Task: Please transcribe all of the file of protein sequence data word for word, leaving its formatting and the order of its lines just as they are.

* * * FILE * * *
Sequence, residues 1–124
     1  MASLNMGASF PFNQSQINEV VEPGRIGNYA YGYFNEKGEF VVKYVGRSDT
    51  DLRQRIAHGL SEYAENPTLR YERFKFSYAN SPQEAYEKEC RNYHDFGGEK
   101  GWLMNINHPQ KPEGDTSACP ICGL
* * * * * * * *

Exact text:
Sequence, residues 1–124
     1  MASLNMGASF PFNQSQINEV VEPGRIGNYA YGYFNEKGEF VVKYVGRSDT
    51  DLRQRIAHGL SEYAENPTLR YERFKFSYAN SPQEAYEKEC RNYHDFGGEK
   101  GWLMNINHPQ KPEGDTSACP ICGL